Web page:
It’s lonely out there. Especially for those of us in the trade whose job it is to keep a project on track and prevent scope creep. Markets are full of New Cokes and Bradley Fighting Vehicles. It’s easy to spot products that were once well defined and tightly scoped at inception only to be released as mishmashes and new formulas constituting things no ones wants to buy.
Alicia Dixon will be traveling from the lone star state to bring some perspective and share how product managers can succeed in the lonely walk of holding distractive elements at bay and knowing when to exercise restraint.
Alicia has been a product manager since 2007, and is now pursuing her lonely career path in Texas. She used to be the product manager for mobile applications for a UPS subsidiary and is now helping Hilton Worldwide keep focus. If product managers truly are lonely, she found a kindred spirit in Kristin Bolton-Keys and will be tagging up with her to present, Survival Tips for the Lone Product Manager.
“No matter what the size of the organization is, you could have the experience of being the first product manager,” she informs me. “If that person is you, we’ll share how you can bring product management to an organization, how to explain to people what product management is, and how you don’t become a dumping ground for everything.”
Alicia, and her partner Kris, will share lessons learned and how to dodge some of the lumps and bumps they’ve experienced during their tenures as being the first or lone product guns in an organization.
As the product manger you have to communicate what the direction is. “If you’re being asked”, Alicia advised, “‘what’s next’ 5 times a day. That means you’re not over communicating the vision and you’re not being clear.” In order to keep a product development team on track, product managers have to be clear and direct when communicating the direction their teams should take.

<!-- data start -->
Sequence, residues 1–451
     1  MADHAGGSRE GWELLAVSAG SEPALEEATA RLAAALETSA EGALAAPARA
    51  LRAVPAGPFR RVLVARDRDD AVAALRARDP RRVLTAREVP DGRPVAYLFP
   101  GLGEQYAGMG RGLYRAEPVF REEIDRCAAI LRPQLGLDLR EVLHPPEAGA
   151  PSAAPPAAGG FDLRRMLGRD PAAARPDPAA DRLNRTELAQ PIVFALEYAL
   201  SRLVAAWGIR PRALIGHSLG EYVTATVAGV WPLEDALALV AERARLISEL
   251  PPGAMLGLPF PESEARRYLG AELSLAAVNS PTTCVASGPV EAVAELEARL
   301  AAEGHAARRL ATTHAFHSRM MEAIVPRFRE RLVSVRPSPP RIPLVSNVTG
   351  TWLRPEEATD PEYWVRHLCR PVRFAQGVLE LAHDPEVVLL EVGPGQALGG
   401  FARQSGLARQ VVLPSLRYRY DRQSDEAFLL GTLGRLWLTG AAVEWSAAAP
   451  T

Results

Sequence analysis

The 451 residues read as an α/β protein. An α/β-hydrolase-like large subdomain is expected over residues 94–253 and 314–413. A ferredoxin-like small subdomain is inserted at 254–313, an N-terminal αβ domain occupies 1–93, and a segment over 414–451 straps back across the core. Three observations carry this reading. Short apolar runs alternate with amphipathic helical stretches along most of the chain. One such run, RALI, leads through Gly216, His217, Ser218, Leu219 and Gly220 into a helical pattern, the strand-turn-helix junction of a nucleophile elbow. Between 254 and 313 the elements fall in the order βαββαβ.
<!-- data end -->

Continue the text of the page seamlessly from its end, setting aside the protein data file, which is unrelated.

Sophisticated companies may hire product managers when they feel their losing control over direction or believe too many features are creeping into a specifications sheet. Unfortunately, even though a product manager may have been brought in to help steer a product development program in the right direction teams can be less enthusiastic. “I’ve come into environments when products are already under development, and you’ll often get asked, ‘why are you here?’”, she says. “When that happens you need to show you bring value to the process.” Product managers who are brought in to bring out-of-control products back in control should cautiously navigate the politics and process all projects have. In wanting to deliver immediate value, it’s tempting to get down-and-dirty and heavily involved with the process. “Get out of the weeds of the tactical decisions and help with the strategic vision. You can bring in competitive research which no one has time to do. Find out what people are saying about your company’s products. But be careful,” she advised me matter-of-factly, “you don’t become the dumping ground for general reporting. And, make sure you’re not delivering data, but providing real value.”
Often times during a product’s development, you’ll have people who want to get involved with a project and that can be disruptive. You’ll have to deal with these external forces, and Alicia has a strategy she’ll be sharing, “I take a different approach. Before I hold the meeting, I’ll meet with that person individually and address their concerns one-on-one before the meeting. And in the meeting, I’ll remind them what they agreed upon. Above all else, make the product about your target users and not your coworkers. Make points about data and not opinions to back up your actions.”
Take heart, product managers. You’re not alone. Alicia and Kris will be at the Arisphere next week to share some tips, lessons learned, and pain points they’ve experienced during their career. So, register now, come to MVP, and feel that sense of relief knowing that it’s not all up to you.